The Inspiration and Preservation of Scripture

by George P. Estes
Sentry Magazine, December 1999

That Scripture is the word of God is accepted by all who believe in God and in Jesus. This includes the sixty-six books we call the Bible. ln this age, some nineteen hundred years from the apostles of Christ, we need proof of what we have. And this proof must be convincing to assure us that what we have is God's word.

One proof is that all who wrote Scripture were inspired by the Holy Spirit. "All Scripture is given by inspiration of God" (II Timothy 3: 16). This means the Old Testament as well as the New Testament. In II Peter 2:21 is the reading, "No prophecy ever came by the will of man; but holy men of God spoke as they were moved by the Holy Spirit." This includes all the prophets of the Old Testament. Moses was a prophet. He wrote, "The Lord thy God will raise up unto thee a Prophet from the midst of thy brethren, like unto me." (Deuteronomy 18:15). AII of the other prophets spoke and wrote as they were inspired by the Holy Spirit. Moses wrote the first five books of the Old Testament. The writers of the New Testament were also inspired. The apostle Paul has "us" in his statement about inspiration, which would include all of the apostles and those associated with the apostles, such as Mark and Luke. The apostle wrote, "But as it is written, Eye has not seen, neither have entered into the heart of man, what God has prepared for them that love Him. But God has revealed them to us by His Spirit; for the Spirit searches all, yea, the deep things of God ... which things also we speak, not in the words which man's wisdom teaches, but which the Holy Spirit teaches" (I Corinthians 2:9-10,13).

A second reason for accepting Scripture as God's word is its unity and harmony. Different men, in different times and places, wrote Scripture. It began with Moses and ended with the apostle John. The time is about sixteen hundred years. Yet when all of the sixty-six books and letters are brought together, we have one book. The reason for the agreement is the subject matter. Scripture is about man's sin and God's plan for his forgiveness in Jesus our Savior. The Old Testament is the unfolding of God's plan and the New Testament is the fulfillment of it. Each book and letter has its required place in the whole book. There is complete agreement in Scripture and it does not contradict itself. Man is not able to think of and set forth a plan of salvation like that is Scripture. Indeed, some people are offended at the gospel plan of salvation. The apostle Paul wrote about the Jews, "Where is the wise? Where is the scribe? Where is the disputer of this world? Has not God made foolish the wisdom of this world? For after that in the wisdom of God, the world through its wisdom did not know God, it pleased God by the foolishness of proclaiming the gospel, to save those who believe. For the Jews require a sign and the Greeks seek after wisdom" (I Corinthians 1:20-22)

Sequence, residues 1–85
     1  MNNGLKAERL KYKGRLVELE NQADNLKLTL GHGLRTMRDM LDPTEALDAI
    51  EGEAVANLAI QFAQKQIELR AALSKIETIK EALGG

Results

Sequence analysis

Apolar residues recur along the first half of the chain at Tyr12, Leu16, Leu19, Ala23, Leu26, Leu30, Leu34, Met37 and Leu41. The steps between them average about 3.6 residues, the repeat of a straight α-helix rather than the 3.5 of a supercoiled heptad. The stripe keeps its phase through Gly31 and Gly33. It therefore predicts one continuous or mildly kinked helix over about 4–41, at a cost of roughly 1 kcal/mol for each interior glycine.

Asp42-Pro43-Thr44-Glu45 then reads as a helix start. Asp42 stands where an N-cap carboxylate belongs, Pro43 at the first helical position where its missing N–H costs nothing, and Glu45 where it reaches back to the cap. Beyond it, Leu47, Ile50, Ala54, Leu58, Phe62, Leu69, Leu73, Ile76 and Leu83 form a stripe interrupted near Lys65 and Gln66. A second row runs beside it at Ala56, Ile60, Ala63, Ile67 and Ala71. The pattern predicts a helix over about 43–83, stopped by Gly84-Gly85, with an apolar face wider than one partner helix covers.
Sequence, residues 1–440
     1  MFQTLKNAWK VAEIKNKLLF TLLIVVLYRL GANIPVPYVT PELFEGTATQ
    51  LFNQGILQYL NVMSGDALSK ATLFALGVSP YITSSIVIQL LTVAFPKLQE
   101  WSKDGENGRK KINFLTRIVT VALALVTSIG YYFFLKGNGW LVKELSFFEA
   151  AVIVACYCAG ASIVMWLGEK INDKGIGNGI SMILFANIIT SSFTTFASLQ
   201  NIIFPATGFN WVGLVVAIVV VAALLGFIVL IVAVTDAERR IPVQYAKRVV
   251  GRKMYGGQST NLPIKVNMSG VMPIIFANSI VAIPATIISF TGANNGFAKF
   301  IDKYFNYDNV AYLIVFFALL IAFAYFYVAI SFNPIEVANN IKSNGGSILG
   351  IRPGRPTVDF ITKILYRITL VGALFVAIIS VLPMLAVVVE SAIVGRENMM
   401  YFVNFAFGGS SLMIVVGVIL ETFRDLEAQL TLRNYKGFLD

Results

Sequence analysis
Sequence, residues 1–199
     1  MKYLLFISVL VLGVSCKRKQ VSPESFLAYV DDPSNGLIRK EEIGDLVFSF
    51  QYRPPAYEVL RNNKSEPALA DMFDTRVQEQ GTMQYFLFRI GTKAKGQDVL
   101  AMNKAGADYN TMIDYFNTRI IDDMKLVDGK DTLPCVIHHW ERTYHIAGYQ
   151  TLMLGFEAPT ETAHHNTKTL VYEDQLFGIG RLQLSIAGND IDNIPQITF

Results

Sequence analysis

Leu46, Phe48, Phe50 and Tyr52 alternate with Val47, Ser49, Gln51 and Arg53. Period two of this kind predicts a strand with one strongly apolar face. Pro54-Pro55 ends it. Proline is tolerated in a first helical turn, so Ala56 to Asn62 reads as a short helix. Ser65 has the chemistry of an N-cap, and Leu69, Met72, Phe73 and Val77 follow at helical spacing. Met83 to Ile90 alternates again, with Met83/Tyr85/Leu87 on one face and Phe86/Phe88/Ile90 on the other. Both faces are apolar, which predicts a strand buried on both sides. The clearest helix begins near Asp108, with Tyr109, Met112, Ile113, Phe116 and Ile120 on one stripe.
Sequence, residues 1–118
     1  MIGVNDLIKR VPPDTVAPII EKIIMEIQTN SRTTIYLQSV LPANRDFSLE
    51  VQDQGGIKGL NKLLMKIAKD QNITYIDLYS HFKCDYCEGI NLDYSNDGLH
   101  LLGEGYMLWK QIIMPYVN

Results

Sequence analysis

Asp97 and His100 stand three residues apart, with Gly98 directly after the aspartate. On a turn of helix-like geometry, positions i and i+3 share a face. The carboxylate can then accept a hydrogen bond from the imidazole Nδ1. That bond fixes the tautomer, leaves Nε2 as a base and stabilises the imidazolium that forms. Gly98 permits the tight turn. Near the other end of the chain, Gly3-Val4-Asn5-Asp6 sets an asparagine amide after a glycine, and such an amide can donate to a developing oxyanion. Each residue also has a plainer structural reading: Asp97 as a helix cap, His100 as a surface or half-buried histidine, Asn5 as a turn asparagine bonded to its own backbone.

The Scripture is proved to be God's word by how the subject matter is stated. All of Scripture is in brief, concise statements. If the subject matter had been left to men, it would be in lengthy description and in many styles. But Scripture is written in the same way, whether we read in Genesis or in Matthew.

Evidence for the text of the New Testament is found in quotations in the writings of the Fathers. The Fathers, according to historians, are those men who knew the apostles or who quoted from them and copied verses from their writing. They were defenders of Christianity and of Scripture. The quotations are from these men of the first seven centuries. The ones noted here are those who knew the apostles.

  • Clement of Rome died about 100 A.D. He wrote a letter to the Corinthian congregation. The date assigned to it is 95 AD. In it, he quotes often from the Old Testament as well as from the writings of the apostles.
  • Ignatius of Antioch is another of these. He was taken to Rome and became a martyr under the emperor Trajan in 107 AD. On the way to Rome, he wrote seven letters to acquaintances and to congregations.
  • And finally, Polycarp born in 59 A.D was acquainted with the apostle John. He wrote an epistle to the Philippians in which he quotes Matthew, Luke, John, Acts, I Peter, and ten of Paul's epistles, all of which he regarded as genuine. He died in 155 A.D.. [See H.S. Miller, General Biblical Introduction, pp. 257-265].

For the preservation of the inspired writings and to separate them from writings that were being circulated, a canon was established. "Canon" is from the Greek language and means a rule, a standard, a measuring rod. The rules set forth were:

  • Did an apostle write it or one associated with the apostles?
  • Was the writing read and used by congregations and accepted by them?
  • Was it recognized and accepted by those who followed the apostles (i.e. the Fathers)?
  • Was the doctrine and content of the writing in agreement with the other inspired and accepted writings?
  • And finally, is there the testimony of the Holy Spirit in the writing? Or was the writer inspired by the Holy Spirit?

The canon was given in 397 A.D. and the writings tested by it. Thus we have the canonical books and the uncanonical books or writings. This brought together the sixty-six books we have today and preserved them. [See H.S. Miller, General Biblical Introduction, pp.140-141 and Peloubet Bible Dictionary, pg. 10V).


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